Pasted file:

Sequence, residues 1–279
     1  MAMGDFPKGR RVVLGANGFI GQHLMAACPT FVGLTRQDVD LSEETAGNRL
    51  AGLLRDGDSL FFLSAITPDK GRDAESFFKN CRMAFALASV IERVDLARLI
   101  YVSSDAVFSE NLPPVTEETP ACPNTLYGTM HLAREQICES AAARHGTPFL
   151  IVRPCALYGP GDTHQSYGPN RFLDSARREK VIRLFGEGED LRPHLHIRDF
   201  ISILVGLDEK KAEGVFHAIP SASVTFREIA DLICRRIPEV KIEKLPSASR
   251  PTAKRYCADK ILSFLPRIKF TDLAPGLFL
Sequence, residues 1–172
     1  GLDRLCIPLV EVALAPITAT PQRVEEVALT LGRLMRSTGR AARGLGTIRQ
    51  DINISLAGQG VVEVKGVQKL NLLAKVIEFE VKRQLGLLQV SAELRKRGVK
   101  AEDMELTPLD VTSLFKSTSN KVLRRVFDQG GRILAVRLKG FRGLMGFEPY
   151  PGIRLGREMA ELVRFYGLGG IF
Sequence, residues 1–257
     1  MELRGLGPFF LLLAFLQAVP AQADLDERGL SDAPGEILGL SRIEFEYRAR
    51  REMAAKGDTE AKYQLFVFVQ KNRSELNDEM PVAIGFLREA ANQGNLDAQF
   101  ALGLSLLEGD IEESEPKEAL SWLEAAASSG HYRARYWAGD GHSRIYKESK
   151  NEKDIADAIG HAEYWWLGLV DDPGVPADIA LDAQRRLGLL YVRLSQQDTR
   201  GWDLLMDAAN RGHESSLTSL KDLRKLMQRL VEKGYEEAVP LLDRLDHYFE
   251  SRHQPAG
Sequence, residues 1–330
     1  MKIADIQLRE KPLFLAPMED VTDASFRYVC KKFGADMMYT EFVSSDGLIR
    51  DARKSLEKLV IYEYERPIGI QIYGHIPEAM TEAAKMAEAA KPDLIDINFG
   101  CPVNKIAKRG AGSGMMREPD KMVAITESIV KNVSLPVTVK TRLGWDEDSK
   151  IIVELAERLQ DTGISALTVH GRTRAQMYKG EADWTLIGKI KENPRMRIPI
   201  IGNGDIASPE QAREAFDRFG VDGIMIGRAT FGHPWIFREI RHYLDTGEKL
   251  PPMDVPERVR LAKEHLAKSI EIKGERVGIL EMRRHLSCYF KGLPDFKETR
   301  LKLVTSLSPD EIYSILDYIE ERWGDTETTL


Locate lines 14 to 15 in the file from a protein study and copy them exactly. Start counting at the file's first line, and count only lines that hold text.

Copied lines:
     1  MELRGLGPFF LLLAFLQAVP AQADLDERGL SDAPGEILGL SRIEFEYRAR
    51  REMAAKGDTE AKYQLFVFVQ KNRSELNDEM PVAIGFLREA ANQGNLDAQF